The features listed below are common among languages considered to be class- and object-oriented, with notable exceptions mentioned. Variables that can store information formatted in a small number of built-in data types like integers and alphanumeric characters; this may include data structures like strings and hash tables that are either built-in or result from combining variables using memory pointers. Procedures – known as functions, routines, or subroutines – that take input, generate output, manipulate data. Modern languages include structured programming constructs like conditionals. Modular programming support provides the ability to group procedures into files and modules for organizational purposes. Modules are namespaced so identifiers in one module will not conflict with a procedure or variable sharing the same name in another file or module. Languages that support object-oriented programming use inheritance for code reuse and extensibility in the form of either classes or prototypes.
Those that use classes support two main concepts: Classes – the definitions for the data format and available procedures for a given type or class of object. For example, a graphics program may have objects such as "circle", "square", "menu". An online shopping system might have objects such as "shopping cart", "customer", "product". Sometimes objects represent more abstract entities, like an object that represents an open file, or an object that provides the service of translating measurements from U. S. customary to metric. Each object is said to be an instance of a particular class. Procedures in object-oriented programming are known as methods; this leads to the following terms: Class variables – belong to the class as a whole. They provide a layer of abstraction. External code can use an object by calling a specific instance method with a certain set of input parameters, read an instance variable, or write to an instance variable. Objects are created by calling a special type of method in the class known as a constructor.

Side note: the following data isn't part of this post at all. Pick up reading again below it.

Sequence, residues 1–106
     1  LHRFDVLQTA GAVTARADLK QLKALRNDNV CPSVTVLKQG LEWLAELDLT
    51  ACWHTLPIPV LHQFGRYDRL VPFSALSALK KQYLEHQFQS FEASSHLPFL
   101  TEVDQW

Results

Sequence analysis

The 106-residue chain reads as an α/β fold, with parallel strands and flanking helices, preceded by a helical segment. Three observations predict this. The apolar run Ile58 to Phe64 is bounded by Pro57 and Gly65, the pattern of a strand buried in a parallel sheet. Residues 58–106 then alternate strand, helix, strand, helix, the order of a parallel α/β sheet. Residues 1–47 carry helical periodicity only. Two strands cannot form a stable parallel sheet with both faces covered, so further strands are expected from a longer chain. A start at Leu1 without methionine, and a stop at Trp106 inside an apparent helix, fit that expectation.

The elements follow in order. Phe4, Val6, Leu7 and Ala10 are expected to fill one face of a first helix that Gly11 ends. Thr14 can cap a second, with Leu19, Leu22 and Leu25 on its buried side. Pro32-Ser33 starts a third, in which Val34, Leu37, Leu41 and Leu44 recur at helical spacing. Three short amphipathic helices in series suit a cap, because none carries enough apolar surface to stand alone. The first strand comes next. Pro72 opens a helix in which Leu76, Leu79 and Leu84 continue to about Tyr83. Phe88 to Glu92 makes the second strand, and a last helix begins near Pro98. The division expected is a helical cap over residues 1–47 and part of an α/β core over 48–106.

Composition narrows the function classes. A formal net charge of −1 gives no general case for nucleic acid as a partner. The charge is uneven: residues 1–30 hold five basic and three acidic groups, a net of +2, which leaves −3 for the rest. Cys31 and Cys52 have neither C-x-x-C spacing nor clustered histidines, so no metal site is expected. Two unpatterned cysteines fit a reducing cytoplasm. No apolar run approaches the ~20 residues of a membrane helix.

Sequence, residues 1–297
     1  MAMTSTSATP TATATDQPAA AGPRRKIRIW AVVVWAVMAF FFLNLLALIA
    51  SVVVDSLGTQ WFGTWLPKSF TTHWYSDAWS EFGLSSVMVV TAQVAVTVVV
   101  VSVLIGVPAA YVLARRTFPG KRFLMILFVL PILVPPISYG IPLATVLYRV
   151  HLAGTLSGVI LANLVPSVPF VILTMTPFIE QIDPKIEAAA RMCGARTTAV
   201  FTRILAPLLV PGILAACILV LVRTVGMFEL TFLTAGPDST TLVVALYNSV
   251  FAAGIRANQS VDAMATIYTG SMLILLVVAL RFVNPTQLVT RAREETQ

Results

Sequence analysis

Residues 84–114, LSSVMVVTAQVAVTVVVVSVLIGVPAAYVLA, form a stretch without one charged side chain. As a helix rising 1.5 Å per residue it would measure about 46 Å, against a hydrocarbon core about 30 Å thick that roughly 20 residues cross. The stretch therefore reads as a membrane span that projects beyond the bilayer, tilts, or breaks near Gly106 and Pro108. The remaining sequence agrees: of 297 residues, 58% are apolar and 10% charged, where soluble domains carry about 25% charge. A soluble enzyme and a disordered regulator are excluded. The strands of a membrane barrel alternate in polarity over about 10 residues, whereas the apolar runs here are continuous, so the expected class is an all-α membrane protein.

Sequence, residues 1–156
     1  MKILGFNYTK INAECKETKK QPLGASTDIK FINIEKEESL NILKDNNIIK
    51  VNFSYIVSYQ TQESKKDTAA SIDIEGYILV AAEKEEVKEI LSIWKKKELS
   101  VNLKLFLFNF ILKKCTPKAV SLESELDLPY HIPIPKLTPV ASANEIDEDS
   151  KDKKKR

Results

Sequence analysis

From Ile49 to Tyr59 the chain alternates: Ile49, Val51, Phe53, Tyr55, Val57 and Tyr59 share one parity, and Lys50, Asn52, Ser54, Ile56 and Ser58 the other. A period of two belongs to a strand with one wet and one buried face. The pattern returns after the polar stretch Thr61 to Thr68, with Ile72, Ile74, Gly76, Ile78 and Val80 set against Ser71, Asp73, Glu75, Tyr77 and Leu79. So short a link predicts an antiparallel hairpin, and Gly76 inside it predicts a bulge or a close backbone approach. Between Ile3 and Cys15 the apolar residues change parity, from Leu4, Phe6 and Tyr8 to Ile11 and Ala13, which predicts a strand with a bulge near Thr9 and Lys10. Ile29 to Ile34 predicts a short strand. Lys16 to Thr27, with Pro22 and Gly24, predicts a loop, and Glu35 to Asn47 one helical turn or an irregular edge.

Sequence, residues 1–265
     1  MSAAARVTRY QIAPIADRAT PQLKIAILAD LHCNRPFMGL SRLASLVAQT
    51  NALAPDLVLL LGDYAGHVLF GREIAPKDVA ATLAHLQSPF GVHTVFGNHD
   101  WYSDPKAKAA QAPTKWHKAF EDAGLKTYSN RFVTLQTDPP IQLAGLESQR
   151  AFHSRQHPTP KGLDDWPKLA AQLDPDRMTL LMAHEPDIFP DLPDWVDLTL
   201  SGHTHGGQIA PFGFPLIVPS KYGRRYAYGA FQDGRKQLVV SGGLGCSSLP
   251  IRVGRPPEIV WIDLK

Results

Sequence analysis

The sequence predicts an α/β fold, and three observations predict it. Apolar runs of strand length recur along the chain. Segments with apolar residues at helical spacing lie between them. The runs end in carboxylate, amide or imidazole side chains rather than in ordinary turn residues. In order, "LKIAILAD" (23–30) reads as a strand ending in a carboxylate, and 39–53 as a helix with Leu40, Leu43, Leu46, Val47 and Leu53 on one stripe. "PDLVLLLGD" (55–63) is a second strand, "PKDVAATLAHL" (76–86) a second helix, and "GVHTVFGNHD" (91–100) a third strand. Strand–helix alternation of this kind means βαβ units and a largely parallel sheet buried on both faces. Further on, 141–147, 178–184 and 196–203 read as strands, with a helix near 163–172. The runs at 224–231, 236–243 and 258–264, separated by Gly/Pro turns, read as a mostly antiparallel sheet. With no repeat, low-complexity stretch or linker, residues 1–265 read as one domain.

A program may create many instances of the same class. This is an easy way for the same procedures to be used on different sets of data. Object-oriented programming that uses classes is sometimes called class-based programming, while prototype-based programming does not use classes; as a result, a different yet analogous terminology is used to define the concepts of object and instance. In some languages classes and objects can be composed using other concepts like mixins. In class-based languages the classes are defined beforehand and the objects are instantiated based on the classes. If two objects apple and orange are instantiated from the class Fruit, they are inherently fruits and it is guaranteed that you may handle them in the same way. In prototype-based languages the objects are the primary entities. No classes exist; the prototype of an object is just another object. Every object has one prototype link. New objects can be created based on existing objects chosen as their prototype. You may call two different objects apple and orange a fruit, if the object fruit exists, b